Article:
Human Rights Watch appreciates the committee’s attention to the pressing and disturbing problem of international trafficking in persons. In consideration of the upcoming review of the Trafficking Victims Protection Reauthorization Act of 2005 (TVPRA), we would like to share some key findings and recommendations that we believe are central to effective prevention and response.

Human Rights Watch has conducted in-depth research on trafficking and forced labor since 1993, including investigations on abuses against migrant domestic workers in 15 countries over the last five years (Migrant Workers, Trafficking & Forced Labor). Our work covers countries as diverse as the United States, Saudi Arabia, Indonesia, Guatemala, Guinea, Singapore, Sri Lanka, and the United Arab Emirates, among others.

Trafficking victims are often economic migrants who are deceived or coerced into situations of forced labor. Contrary to popular belief, human trafficking is not necessarily an underground phenomenon run by criminal syndicates. Instead, trafficking is the clear and visible result of inadequate or faulty government policies that place certain groups of migrants and workers at greater risk of abuse and with little hope for redress. Anti-trafficking efforts must target and reform these policies.

For example, every year, millions of workers from South and Southeast Asia migrate to more prosperous parts of Asia and the Middle East on two-year contracts in domestic work, construction, and agriculture. Unfortunately, many end up in situations of forced labor. These workers typically become heavily indebted to labor recruiters who often deceive them about their work conditions and charge excessive fees. Labor laws in many countries inadequately regulate recruitment practices and exclude domestic workers and agricultural workers, denying them important protections such as a minimum wage, limits on their hours of work, and days off. This creates conditions ripe for labor exploitation.

Deeply indebted and forced to work around the clock, many migrants are further at risk of abuse due to immigration policies that tie a migrant worker’s legal status to his or her employer. This “sponsorship” visa system is common in Asia and the Middle East, and makes it impossible to change employers or even leave the country without the employer’s permission. Running away from abusive working conditions means falling out of legal status and risking arrest, detention, fines, and in some places, imprisonment and caning. Employers routinely take workers’ passports and legal documents away, heightening these risks.

Human Rights Watch recognizes the influential role played by the United States government in promoting anti-trafficking efforts across the globe. We urge Congress to amend the TVPRA to strengthen its effectiveness in addressing root causes of trafficking and forced labor, and to bolster the efforts of governments and private organizations tackling this problem.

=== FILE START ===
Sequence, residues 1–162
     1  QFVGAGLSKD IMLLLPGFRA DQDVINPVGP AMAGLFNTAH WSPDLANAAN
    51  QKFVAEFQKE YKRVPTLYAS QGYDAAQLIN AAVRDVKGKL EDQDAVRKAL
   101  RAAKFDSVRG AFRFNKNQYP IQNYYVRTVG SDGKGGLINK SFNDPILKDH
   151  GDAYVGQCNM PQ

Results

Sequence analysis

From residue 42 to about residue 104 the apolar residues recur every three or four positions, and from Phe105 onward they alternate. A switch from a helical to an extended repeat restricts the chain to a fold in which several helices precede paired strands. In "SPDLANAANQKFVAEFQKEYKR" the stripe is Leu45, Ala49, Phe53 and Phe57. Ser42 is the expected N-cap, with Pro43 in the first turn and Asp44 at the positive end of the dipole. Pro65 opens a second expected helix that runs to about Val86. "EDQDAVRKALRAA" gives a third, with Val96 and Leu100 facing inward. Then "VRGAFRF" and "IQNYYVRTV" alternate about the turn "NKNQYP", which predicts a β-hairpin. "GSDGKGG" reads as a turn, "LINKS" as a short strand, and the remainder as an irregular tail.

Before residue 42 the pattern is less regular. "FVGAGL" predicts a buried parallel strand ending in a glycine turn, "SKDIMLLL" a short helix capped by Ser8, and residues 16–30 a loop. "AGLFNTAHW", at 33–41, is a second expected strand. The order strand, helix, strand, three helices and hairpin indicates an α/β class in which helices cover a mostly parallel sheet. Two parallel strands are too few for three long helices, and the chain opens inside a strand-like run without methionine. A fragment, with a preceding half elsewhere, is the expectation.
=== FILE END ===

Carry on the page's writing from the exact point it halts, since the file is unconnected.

This includes evaluating anti-trafficking programs and revisiting provisions of the TVPRA that have had a counterproductive effect. In particular, the TVPRA requires private organizations receiving government funds to pledge their opposition to prostitution as a condition of receiving funds, severely hampering these groups’ ability to work with individuals in prostitution, including those who have been trafficked.

We recommend that the TVPRA be amended to:

  • Address labor and immigration policies that place migrant workers at risk of forced labor and trafficking
  • The US government should encourage states to pass and then enforce comprehensive labor standards for all workers, reform “sponsorship” visa systems, and reform regulation and monitoring of the labor recruitment industry, including recruitment fees. Such efforts should be evaluated as integral components of a country’s anti-trafficking efforts.

  • Incorporate support for research about the links between labor migration and forced labor and independent evaluation of anti-trafficking efforts
  • The US government should invest in research exploring the links between labor laws, immigration policies, and conditions of forced labor and trafficking. Furthermore, government and private anti-trafficking strategies should be subject to independent evaluation for positive and negative impacts.

  • Eliminate the requirement that groups pledge their opposition to prostitution as a condition of receiving anti-trafficking funds
  • Private organizations cannot conduct their work effectively if subject to violations of the right to free speech and if they cannot work freely with all sectors in which trafficking takes place.

Human Rights Watch would be happy to provide more detailed information and recommendations on any of the above.

Sincerely,

Nisha Varia
Senior Researcher
Women’s Rights Division